Participation grades eliminate student interest


Mai Weber

While academically inclusive in theory, in reality, participation grades detract from the value of education.

Michael Han, News Editor

Assigning a grade to participation compels students to meet a certain quota of participation points rather than to develop a genuine interest or passion towards the subject. While there is no doubt that participation grades can encourage participation, they also lead to a multitude of deleterious effects on the very students they are meant to help.

At Dougherty Valley, it is primarily world language classes that reserve a separate category solely for grading participation in class.

Spanish teacher Sra. Christina Burnside explains that “It’s language; I tell my students, ‘If you’re not participating, then you’re not producing the language, right?’ … There’s a good handful of us [teachers] that have adopted this practice.”

At first glance, it seems to makes sense for these classes that are primarily based on speaking and learning how to use a language to use a participation-based grading system. To learn, students should speak to their teacher and peers and grow collectively.

“Learning a language is based on practice, and I find it beneficial to work hard in the class anyways,” junior Shray Patel, a student in Sra. Mary Kate Duggan’s Honors Spanish IV class, said.

Upon closer inspection, however, are there any significant differences that make a world language class different from any other academic class, such as calculus? In both classes, students learn new concepts and their applications and practice with the help of an instructor.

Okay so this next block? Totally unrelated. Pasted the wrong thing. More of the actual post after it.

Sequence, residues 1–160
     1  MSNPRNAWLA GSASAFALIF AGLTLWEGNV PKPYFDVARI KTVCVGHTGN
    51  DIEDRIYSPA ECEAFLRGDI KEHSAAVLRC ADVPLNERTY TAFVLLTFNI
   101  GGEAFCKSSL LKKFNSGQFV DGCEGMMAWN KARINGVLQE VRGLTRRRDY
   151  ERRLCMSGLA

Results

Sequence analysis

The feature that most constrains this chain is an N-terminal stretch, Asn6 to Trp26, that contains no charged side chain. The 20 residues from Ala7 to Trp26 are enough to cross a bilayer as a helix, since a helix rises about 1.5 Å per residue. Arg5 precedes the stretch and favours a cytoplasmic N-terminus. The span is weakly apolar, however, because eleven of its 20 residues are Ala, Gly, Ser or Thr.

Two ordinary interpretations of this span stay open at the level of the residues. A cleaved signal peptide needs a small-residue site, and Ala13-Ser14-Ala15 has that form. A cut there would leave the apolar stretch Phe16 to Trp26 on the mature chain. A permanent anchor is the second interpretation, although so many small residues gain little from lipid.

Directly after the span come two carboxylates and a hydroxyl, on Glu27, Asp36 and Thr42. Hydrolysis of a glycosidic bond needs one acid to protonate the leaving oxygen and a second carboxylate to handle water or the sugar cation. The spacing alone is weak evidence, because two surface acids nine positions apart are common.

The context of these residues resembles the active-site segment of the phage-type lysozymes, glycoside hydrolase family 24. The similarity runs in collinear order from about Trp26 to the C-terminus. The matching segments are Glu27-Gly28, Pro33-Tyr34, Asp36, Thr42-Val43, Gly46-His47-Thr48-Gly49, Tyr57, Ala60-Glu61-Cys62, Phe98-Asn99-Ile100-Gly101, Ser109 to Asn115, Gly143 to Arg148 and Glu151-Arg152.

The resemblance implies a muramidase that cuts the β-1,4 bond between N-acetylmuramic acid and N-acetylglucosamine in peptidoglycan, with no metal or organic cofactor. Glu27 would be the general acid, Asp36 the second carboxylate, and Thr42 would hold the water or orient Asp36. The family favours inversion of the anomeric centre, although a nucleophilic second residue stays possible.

Although verbal participation is undoubtedly important for learning, particularly for language classes, silence is simply another form of participation: it cultivates a productive learning atmosphere and enables students to effectively communicate with their teachers. The student who listens attentively to a lesson is just as important as the student who asks a teacher to slow down or reiterate a certain topic.

Ultimately, the a teacher’s goal is to make sure that the student can master the material, and grades should reflect that. Reporting participation grades, however, lends a degree of uncertainty to a student’s grade. Bonnie M. Miller, assistant professor of American studies at the University of Massachusetts, reports that “there are no clear disciplinary standards for evaluating participation, and there exists great disparity between how professors interpret and implement it.”

Verbal participation is critical for mastering a language, and grades have proven to be an effective tool to encourage participation.

“I do not usually raise my hand or offer to read aloud often, and participation motivates me to. I doubt I would do this if there wasn’t a participation grade involved,” Patel stated.

However, teaching strategies like these can produce detrimental effects that far outweigh the benefits they provide.

For example, inconsistencies in grading policy can discourage students from wanting to participate in class.